3. Beneficiary: The beneficiary of the trust is the person with special needs entitled to the funds held by the trustee.

Types of Special Needs Trusts in Colorado

There are three types of special needs trust funds in Colorado. Depending on your situation, you may choose between the following trust types:

Disability or Self-Funded Trusts

A disability trust is established for the sole benefit of an individual with disabilities to preserve their assets without endangering their eligibility for Medicaid and S.S.I. Usually, disability trust funds are established with assets belonging to the person with special needs.

Federal and state laws stipulate that only individuals under 65 may form a disability trust. Since a disability trust is established with the person’s assets, any assets remaining in the trust upon the death of the trust beneficiary must be first used to reimburse Medicaid for the medical assistance provided to the beneficiary.

After the Medicaid reimbursement has been settled, the remaining assets may be transferred to the beneficiary’s heirs.

Third-Party Trusts

Third-party-created trusts are formed to benefit an individual who is aged or disabled. Usually, third-party trusts are funded by family members or guardians of the person with special needs.

When family members, friends, or others wish to transfer assets to an elderly or an individual with disabilities without affecting that person’s eligibility for Medicaid or S.S.I., they can create a third-party trust for the person’s sole benefit.

A third-party trust can be established either as a living trust (inter vivos) or a testamentary trust by a will.

Testamentary Special Needs Trusts

A testamentary special needs trust is outlined in a person’s last will.

Usually, this type of trust is established and paid for after the grantor’s death, using the decedent’s assets for the designated beneficiary’s benefit.

The testator can determine the manner of distribution of any remaining trust assets in the event of the beneficiary’s death.

Pooled Trust Funds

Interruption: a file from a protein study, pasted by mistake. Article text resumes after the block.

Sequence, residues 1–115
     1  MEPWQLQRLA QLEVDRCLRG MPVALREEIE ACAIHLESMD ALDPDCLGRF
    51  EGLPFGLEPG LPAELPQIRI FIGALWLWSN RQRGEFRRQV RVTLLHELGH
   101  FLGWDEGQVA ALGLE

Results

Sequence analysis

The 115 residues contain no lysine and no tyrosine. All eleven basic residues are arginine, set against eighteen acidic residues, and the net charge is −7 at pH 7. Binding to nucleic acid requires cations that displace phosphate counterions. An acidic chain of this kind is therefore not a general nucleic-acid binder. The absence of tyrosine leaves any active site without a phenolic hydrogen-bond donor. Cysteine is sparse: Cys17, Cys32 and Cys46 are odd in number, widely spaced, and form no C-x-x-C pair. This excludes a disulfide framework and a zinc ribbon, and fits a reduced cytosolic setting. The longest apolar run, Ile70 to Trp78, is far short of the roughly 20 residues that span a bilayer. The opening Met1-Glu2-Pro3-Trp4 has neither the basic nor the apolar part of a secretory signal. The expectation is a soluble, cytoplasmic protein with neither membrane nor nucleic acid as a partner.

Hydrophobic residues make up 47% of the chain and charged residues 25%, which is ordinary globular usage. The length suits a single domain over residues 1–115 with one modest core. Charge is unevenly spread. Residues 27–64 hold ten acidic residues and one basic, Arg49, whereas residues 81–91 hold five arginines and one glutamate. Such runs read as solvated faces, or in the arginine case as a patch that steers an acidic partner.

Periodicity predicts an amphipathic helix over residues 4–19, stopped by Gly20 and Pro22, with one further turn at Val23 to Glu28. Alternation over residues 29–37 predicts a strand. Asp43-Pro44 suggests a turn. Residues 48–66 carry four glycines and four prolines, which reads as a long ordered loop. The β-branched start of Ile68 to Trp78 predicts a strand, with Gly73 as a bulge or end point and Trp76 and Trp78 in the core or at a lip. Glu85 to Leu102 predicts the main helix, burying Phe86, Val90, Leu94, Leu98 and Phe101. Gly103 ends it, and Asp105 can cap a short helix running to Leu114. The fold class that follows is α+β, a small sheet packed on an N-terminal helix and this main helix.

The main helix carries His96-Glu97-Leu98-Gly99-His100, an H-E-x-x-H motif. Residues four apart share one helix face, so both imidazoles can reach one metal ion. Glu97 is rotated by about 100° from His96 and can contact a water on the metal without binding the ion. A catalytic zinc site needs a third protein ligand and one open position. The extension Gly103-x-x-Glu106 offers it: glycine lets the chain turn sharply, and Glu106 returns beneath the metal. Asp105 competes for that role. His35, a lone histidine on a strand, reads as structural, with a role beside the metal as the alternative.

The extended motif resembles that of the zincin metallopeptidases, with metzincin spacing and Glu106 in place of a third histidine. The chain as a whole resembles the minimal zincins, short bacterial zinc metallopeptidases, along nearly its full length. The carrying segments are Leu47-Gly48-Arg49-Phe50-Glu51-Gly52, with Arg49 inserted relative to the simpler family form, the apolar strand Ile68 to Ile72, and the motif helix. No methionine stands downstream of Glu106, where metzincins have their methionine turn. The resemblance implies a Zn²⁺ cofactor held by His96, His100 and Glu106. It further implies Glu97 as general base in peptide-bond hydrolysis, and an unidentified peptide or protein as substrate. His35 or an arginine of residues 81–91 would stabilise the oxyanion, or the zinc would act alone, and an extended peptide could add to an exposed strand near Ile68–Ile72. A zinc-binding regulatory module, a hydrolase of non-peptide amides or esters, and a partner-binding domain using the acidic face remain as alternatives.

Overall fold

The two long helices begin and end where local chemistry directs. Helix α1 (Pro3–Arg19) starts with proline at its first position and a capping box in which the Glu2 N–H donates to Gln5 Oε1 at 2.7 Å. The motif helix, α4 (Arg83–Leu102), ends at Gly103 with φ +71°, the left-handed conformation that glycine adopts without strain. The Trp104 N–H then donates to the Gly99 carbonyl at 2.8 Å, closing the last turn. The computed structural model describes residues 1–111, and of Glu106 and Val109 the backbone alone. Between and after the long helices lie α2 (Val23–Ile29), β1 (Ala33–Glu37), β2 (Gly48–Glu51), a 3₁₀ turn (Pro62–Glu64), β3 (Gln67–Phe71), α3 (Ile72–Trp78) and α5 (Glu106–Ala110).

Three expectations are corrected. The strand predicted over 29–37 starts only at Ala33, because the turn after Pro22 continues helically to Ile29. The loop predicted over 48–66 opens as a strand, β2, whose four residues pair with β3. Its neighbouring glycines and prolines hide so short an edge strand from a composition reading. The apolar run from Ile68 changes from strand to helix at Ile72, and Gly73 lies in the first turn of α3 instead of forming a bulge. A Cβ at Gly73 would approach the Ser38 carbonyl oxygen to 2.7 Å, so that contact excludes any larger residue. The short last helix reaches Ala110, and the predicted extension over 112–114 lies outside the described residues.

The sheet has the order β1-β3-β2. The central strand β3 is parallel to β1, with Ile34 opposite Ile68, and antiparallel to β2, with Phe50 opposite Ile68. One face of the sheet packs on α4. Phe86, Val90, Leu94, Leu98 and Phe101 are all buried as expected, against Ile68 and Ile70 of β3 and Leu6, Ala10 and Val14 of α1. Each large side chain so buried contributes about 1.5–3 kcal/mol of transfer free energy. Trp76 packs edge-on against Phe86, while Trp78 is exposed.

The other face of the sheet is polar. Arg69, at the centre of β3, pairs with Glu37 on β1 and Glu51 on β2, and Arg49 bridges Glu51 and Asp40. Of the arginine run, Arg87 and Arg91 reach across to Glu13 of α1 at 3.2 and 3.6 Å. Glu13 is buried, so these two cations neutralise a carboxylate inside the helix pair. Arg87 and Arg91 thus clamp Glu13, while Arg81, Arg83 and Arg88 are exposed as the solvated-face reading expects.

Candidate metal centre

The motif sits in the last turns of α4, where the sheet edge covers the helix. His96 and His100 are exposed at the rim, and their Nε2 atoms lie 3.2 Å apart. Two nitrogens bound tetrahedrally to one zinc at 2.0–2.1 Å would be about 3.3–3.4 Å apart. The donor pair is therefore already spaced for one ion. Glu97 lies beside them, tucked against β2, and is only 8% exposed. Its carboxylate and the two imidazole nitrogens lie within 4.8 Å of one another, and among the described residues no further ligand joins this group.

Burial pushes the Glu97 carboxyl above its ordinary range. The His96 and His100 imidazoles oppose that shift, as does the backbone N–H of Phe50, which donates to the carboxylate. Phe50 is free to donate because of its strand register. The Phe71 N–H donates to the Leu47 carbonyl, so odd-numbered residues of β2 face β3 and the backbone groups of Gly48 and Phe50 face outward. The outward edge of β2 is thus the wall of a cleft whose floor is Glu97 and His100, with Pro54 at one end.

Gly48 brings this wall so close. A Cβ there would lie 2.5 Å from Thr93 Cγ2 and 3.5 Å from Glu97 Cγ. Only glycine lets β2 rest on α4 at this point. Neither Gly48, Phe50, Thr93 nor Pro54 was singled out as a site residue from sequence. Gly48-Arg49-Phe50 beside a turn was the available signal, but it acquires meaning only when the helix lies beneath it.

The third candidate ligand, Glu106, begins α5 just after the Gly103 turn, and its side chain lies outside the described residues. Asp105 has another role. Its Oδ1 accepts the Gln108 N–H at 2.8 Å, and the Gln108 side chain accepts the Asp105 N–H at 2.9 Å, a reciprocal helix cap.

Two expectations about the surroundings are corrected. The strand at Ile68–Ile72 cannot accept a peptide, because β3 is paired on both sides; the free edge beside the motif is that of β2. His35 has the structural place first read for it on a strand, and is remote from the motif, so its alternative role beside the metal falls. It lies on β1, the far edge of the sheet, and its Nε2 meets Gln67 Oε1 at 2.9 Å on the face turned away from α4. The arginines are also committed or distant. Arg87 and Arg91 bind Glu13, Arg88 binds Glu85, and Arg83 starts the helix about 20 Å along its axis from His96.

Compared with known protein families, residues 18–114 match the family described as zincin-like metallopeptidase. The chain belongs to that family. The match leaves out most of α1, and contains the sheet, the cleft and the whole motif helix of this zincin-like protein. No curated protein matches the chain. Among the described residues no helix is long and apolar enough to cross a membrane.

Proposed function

Non-profit organizations manage pooled trusts that have asset contributions from multiple people.  

Unlike the other two types, pooled trusts are created for many people instead of just one individual. Each person has an independent account that they can fund. Pooled trust assets are then combined and invested as a whole. The investment revenue is then shared with the beneficiaries in proportion to their contributions.

How Can Duncan Legal, PC Help You?

Depending on your circumstances, it may be possible to establish a special needs trust without the assistance of an attorney. However, due to their complexity and possible risks, most people hire experienced attorneys like those at Duncan Legal, PC.

Your trust document needs to be crafted well. For greater efficacy, the document must meet the requirements of the state and federal laws. Using the right words is critical to ensure that you establish a special needs trust without harming its integrity and compromising a loved one’s eligibility for public benefits like Medicaid and the Supplemental Security Income program.

Knowledgeable lawyers from Duncan Legal, PC can help you draft watertight trust documents to meet your intended purposes.

For additional information about establishing a special needs trust in Colorado or any other queries concerning estate planning, contact our attorneys at Duncan Legal, PC today!

Flat-fee options are available for wills, trusts and probate:

(303) 394-2358